Summer flicks may make you smile or make you sick

This summer, a few films reminded us that motion pictures are far from being dead.

Starring Patton Oswalt, Lou Romano & Janeane Garofalo
Directed by Brad Bird & Jan Pinkava

Early previews for this film offered up the brightly colored, digitally-animated eye candy that audiences have come to expect from PG-Juggernaut Pixar.

However, where many other animated films seem to boast a beautiful exterior in an attempt to hide a somewhat generic storyline and empty set of jokes, “Ratatouille” has quite a lot of meat on its bones.

The movie follows the life of the food-enthusiast rat, R?my. Feeling out of place with the rest of his garbage-eating relatives, the endearing rodent finds himself in a sewer system that coincidentally enough opens up underneath the top restaurant in Paris.

After partnering up with a struggling, palette-less slop-boy, R?my takes the restaurant by storm, the whole time trying to keep his identity hidden from the other chefs.

And while the premise of the film may sound odd and even slightly nauseating, the execution of it is anything but disgusting. Featuring the finest CGI ever produced by Pixar and some well-cast roles (especially Janeane Garofalo as an easily aggravated, yet sensitive sous-chef), “Ratatouille” is not only the best animated film this summer, but probably the best all year.

Directed by and starring Michael Moore

Some people love him, some people hate him. No doubt about it, Michael Moore has lit up movie theaters with some highly-political and opinionated films in the past few years. So it would be no surprise that when posters showed up earlier this year plastered with Moore’s big grin, people started talking. Whereas past films such as “Fahrenheit 9/11” had a direct political standpoint, “Sicko” somewhat abandons Moore’s strong views and focuses on the topic at hand: the corrupt and disorganized health care system in America.

Pointing out major flaws in pharmaceutical companies, big business health insurance and both the Democratic and Republican parties, “Sicko” enlightens the plight of those unable to afford health insurance and the false sense of security that it provides to those who have it.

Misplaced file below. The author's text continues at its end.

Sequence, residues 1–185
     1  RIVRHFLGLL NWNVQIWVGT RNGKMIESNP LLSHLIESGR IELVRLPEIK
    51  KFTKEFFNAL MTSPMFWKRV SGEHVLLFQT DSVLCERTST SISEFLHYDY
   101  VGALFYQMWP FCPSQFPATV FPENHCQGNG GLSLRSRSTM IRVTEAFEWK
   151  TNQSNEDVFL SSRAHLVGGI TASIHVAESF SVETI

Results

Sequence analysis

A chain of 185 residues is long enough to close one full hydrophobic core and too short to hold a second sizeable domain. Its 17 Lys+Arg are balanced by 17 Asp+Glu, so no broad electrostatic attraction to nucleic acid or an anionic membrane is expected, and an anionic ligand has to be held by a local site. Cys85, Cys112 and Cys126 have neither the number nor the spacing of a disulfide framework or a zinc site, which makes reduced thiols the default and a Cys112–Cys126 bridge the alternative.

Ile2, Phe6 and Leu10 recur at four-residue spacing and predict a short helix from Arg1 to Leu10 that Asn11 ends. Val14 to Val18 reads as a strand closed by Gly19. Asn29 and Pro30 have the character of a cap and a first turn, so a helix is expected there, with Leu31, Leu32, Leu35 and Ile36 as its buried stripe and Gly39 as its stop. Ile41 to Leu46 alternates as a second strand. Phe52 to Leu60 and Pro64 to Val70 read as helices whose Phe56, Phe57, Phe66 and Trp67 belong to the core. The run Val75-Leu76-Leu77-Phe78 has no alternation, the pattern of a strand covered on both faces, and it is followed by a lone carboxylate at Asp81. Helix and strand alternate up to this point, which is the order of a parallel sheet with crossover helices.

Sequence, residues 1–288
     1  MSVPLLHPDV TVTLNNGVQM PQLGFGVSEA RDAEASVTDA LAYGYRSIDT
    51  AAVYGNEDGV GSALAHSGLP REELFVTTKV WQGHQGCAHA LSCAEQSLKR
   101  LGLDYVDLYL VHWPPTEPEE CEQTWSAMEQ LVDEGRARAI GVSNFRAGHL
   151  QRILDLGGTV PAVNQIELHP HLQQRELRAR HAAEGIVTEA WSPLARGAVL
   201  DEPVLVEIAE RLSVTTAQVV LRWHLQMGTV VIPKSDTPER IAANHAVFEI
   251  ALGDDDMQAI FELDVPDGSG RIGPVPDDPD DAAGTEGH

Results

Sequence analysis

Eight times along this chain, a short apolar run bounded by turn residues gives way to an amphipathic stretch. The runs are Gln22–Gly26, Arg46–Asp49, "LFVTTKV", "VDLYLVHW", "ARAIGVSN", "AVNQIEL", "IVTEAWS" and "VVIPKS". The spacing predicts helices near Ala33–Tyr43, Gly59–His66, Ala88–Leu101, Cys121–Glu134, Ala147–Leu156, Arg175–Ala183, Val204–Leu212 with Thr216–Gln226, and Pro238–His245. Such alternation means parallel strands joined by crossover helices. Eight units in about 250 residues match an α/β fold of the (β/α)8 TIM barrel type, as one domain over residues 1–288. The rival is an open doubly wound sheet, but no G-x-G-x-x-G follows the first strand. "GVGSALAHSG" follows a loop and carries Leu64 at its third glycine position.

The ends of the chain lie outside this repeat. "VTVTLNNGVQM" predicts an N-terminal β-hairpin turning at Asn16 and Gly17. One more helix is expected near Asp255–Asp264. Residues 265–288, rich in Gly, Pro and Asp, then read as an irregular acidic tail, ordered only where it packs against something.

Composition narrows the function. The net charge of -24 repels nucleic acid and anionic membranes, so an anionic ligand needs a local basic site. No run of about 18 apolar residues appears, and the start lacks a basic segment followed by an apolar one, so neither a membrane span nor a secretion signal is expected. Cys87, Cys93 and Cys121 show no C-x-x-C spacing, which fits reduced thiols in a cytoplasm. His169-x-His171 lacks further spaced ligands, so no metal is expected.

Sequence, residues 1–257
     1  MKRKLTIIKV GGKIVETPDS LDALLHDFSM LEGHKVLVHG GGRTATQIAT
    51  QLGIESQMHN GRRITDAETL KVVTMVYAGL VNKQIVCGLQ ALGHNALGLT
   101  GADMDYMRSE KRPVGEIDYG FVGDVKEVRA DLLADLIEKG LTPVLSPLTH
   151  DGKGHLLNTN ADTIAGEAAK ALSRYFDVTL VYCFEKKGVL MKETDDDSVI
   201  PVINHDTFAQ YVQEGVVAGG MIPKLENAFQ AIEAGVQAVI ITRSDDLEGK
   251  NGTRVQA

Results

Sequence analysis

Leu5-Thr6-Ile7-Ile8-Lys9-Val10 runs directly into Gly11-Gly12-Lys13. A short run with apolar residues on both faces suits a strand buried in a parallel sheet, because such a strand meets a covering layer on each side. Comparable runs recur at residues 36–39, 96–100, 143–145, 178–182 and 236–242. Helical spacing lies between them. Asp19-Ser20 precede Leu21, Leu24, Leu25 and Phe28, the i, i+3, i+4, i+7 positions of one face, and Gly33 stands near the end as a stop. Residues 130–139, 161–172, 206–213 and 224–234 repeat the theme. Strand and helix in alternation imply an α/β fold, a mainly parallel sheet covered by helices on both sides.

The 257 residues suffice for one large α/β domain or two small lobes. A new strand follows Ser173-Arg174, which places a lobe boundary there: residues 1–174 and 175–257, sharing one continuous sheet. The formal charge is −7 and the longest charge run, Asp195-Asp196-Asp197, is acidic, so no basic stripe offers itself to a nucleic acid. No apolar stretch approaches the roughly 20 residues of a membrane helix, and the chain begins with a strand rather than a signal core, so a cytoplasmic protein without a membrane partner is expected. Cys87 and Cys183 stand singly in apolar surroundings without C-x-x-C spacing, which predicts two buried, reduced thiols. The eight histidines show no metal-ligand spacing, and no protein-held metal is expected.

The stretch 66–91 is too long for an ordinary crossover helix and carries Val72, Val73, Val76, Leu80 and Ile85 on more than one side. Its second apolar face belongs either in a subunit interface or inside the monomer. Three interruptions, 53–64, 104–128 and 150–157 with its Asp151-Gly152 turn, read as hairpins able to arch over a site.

Offering up the slick comedic edge that Moore’s films are generally known for, audiences will find themselves laughing at something as disturbing as a man having to figure out which of his severed fingers he can afford to get re-attached.

Never disrespectful and fully engaging, “Sicko” will haunt you after the movie, on the drive home and as you’re lying in bed.

Directed by Adam Shankman
Starring Nikki Blonsky, John Travolta, Zac Efron, Amanda Bynes, Michelle Pfeiffer & Christopher Walken

The days of musicals being an acquired taste seem to be finished. The movie adaptation of the musical adaptation of John Waters’ kooky 1980s comedy appeared in theaters this summer and took the public by storm.

Based in 1960’s Baltimore, “Hairspray” follows a young, pleasantly plump teenage girl named Tracy Turnblad (played by Oscar-worthy newcomer Nikki Blonsky) as she auditions for her city’s local dance show.

Bouncing along with an upbeat soundtrack, the colorful cast of young and old Hollywood royalty take the audience on an over-the-top journey to movie-musical heaven.

Keeping true to the flamboyant aura of the stage show, “Hairspray” offers up big laughs and quite a few wonderful surprises (seeing John Travolta in drag for the first time will definitely drop your jaw into your lap). However, while director Adam Shankman keeps the beats pumping at high-speed, the film also touches on some serious topics.

As the rejected Tracy struggles (and eventually succeeds) to be accepted in a much slimmer world, her journey is juxtaposed with the state of racial segregation taking place at that point in time. Breaking down the boundaries between black and white, Tracy fights for racial mixing, though never without a song and dance.

There is not a more enjoyable picture this year and when the cast sings the show’s finale, “You Can’t Stop the Beat,” it will be hard to wipe the smile off your face or to get the melodies out of your head.